US Set To Deploy (More) Ground Troops to Libya

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The decision by President Obama, egged on by his then-Secretary of State Hillary Clinton, to depose Libya’s longtime leader Muammar Qaddafi in 2011, led to near-complete chaos inside a country that had been otherwise stable since the 1960s.

This lead directly to the tragedy at Benghazi, a massive flow of weapons out of Libya into Syria and elsewhere, the spread of violence into neighboring Mali and French intervention there, and turned Libya into an ungoverned space and a new haven for ISIS and other terrorists.

Not content with that, the U.S. is about to double-down on the mess with the deployment of additional troops on the ground.

The US military’s top general said Thursday the Libyan government is in a “period of intense dialogue” that could soon lead to an agreement in which US military advisers will be deployed there to assist in the fight against the Islamic State.

“There’s a lot of activity going on underneath the surface,” said Marine General Joseph Dunford, chairman of the Joint Chiefs of Staff. “We’re just not ready to deploy capabilities yet because there hasn’t been an agreement. But frankly, any day that could happen.”

There is interest among some NATO nations in participating in the mission, Dunford said, but the specifics of who and what would be involved remain unclear. “Unclear” and “Interest” when used in that way typically mean the US will be going it more or less alone, with maybe a smattering of British and French thrown in for political/PR purposes.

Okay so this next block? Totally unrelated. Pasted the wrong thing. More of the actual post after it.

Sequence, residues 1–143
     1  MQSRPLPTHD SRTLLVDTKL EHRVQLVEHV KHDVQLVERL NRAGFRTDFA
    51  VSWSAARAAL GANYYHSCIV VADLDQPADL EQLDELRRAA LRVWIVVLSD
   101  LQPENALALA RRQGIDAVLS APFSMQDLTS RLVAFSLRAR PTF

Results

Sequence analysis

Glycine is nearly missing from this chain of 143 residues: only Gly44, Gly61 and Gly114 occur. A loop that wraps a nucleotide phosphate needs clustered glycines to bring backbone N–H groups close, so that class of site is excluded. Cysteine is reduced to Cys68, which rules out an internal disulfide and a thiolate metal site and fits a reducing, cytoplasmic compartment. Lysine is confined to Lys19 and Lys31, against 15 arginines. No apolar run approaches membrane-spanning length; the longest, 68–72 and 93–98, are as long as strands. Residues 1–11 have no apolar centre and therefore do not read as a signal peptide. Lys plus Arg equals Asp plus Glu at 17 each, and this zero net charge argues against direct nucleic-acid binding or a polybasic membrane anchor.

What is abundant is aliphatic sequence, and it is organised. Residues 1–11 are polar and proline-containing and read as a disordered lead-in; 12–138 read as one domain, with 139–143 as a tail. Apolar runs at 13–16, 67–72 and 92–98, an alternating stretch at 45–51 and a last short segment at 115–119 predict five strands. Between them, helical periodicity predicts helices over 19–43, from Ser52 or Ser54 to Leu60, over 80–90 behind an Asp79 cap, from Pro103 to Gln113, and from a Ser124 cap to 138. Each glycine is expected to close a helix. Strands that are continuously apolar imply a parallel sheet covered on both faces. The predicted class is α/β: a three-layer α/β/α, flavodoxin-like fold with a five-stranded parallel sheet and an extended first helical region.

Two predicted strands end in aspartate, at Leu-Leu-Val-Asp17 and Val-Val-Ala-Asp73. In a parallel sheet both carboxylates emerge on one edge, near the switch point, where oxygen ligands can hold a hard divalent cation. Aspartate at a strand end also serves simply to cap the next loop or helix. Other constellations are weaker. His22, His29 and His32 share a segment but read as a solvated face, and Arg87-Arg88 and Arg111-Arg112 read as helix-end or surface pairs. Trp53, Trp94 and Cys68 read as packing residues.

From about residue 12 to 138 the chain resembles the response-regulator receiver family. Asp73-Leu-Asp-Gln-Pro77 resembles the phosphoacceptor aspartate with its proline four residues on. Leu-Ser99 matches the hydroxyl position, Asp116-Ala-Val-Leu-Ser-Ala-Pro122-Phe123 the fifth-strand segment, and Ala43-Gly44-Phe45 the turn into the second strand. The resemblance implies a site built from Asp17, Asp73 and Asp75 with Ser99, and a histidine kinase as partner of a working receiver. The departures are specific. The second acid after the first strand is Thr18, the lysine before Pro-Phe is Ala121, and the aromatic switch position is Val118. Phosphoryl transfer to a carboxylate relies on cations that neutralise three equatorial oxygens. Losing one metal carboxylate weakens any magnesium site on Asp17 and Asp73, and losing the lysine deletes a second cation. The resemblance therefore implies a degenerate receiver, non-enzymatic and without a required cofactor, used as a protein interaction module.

“There will be a long-term mission in Libya,” Dunford said.

US Special Operations troops have been deployed in the Libyan cities of Misrata and Benghazi since late last year, though the Pentagon only officially admitted that recently. The US has conducted sporadic air strikes into Libya over the past few months.

The advising mission will be complicated by political issues. Libyan Prime Minister Fayez Sarraj’s “government” that the US thinks it will be supporting in Libya has not yet been accepted by existing rival “governments” in Libya. For Sarraj to hold power, he will require support from militias in Misrata and forces loyal to General Khalifa Hifter, a former Libyan military officer who launched his own war inside the country in 2014.

The Misrata militias and the Hifter militias have fought one another from time to time, and uniting them behind a third party seems a difficult task.

NOTE: If you chose to get in bed with the Devil, well, don’t be surprised if you get screwed.

Peter Van Buren blew the whistle on State Department waste and mismanagement during Iraqi reconstruction in his first book, We Meant Well: How I Helped Lose the Battle for the Hearts and Minds of the Iraqi People. His latest book is Ghosts of Tom Joad: A Story of the #99 Percent. Reprinted from the his blog with permission.



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